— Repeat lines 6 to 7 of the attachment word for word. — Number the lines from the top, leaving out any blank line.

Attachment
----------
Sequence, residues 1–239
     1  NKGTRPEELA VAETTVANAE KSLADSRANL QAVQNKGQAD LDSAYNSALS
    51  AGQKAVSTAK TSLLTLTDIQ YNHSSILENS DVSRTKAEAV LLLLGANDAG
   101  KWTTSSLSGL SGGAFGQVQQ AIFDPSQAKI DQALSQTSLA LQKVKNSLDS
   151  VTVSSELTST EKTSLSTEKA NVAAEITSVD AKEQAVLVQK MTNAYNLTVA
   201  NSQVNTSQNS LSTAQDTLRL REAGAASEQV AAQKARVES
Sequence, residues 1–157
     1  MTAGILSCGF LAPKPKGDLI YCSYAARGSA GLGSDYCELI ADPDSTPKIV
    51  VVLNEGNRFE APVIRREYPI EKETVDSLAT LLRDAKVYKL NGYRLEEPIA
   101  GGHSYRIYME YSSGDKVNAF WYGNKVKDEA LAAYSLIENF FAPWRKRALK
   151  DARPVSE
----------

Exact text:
   201  NSQVNTSQNS LSTAQDTLRL REAGAASEQV AAQKARVES
Sequence, residues 1–157